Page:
The impact of the new Chairman's drive and vision on the fortunes of the Company in the post-war years was to prove decisive. 1945 saw Britain victorious, triumphant and financially almost broke. Dreams and schemes of a higher than ever standard of living were many. Only the far-sighted realised it could only be earned by hard work and greater effort. L. P. Lord was one such man and he at once laid plans for a rapid expansion of Austin car production for overseas marketing.
A new post-war range would be produced. Eight, Ten, Twelve and Sixteens were planned, the latter being powered with an entirely new four-cylinder overhead-valve engine.
The first model away was the Ten and the Eight quickly followed. Then came the Twelve and the Sixteen.
In June, 1946, the Millionth Austin was produced, and this car, painted in a matt cream, was signed by the Chairman and the workpeople at a special celebration .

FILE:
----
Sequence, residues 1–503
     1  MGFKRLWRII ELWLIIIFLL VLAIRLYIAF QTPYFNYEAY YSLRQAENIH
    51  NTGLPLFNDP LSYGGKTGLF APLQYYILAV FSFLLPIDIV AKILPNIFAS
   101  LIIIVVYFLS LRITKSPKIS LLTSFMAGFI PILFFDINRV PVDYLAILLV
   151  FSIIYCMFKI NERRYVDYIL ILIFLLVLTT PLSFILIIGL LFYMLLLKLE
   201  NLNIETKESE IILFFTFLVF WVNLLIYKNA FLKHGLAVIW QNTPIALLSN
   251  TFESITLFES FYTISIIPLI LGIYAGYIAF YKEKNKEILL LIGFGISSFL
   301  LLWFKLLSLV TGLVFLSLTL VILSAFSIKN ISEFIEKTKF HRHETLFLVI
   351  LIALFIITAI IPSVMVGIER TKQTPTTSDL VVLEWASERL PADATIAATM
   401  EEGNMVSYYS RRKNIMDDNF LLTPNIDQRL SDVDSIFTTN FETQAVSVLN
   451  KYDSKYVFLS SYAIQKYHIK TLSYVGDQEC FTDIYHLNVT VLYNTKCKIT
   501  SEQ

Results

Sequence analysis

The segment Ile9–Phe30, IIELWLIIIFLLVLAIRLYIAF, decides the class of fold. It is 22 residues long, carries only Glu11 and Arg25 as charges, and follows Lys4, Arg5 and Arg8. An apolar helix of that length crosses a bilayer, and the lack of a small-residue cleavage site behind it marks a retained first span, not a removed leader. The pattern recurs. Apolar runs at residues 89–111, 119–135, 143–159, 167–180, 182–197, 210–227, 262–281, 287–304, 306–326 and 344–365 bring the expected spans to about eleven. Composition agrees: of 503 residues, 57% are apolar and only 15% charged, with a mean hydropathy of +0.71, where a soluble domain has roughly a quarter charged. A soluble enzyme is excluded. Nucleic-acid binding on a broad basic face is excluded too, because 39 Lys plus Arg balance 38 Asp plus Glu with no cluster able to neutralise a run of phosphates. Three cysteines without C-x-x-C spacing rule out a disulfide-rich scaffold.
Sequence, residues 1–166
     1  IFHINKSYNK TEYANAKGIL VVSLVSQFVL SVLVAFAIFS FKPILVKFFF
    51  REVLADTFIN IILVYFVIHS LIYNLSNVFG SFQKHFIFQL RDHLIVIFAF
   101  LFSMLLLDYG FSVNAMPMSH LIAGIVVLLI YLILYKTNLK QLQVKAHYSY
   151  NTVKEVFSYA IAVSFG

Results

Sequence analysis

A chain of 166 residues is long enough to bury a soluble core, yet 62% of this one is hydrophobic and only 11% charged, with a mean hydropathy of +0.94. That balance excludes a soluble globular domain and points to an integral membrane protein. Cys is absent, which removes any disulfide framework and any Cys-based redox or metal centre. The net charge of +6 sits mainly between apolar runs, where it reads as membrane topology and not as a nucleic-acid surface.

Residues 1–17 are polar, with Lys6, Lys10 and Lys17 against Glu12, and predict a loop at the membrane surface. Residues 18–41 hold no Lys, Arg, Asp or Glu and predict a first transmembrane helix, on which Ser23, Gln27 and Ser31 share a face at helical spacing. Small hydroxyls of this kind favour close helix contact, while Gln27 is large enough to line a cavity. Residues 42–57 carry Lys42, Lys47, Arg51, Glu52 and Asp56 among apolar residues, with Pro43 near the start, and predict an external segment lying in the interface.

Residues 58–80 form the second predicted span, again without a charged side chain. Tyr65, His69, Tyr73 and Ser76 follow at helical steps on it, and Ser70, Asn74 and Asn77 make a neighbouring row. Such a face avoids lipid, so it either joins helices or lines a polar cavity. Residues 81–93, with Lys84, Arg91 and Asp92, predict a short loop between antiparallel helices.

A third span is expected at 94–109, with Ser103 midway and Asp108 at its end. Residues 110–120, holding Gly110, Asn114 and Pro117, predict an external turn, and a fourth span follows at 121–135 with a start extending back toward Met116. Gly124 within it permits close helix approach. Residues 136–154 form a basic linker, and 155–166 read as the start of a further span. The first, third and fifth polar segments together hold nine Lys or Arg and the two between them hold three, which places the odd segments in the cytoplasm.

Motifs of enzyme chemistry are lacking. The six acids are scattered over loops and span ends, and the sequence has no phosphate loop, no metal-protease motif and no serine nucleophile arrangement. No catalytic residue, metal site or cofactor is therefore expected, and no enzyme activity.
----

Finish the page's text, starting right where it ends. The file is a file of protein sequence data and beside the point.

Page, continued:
The winter of 1946-7 was one of the severest on record, which gave added lustre to an epic "Seven Capitals in Seven Days" run made by three Austin Sixteens from Oslo to Geneva, where, for the first time, two entirely new cars, the A110 Sheerline and the A120 Princess, were exhibited.
Britain at this time badly needed dollars and L. P. Lord was determined to obtain them. He sailed for the U.S.A. in May, and after a close study of conditions, returned to Longbridge and prepared for a large-scale attack on this most difficult of all markets, with a new car then in forward stage of development. In August, accompanied by G. W. Harriman, his Works Director, the Chairman re-crossed the Atlantic, taking two of the first production A40 Devons with him. The cars were liked, dealers signed up and plans were made for shipping them.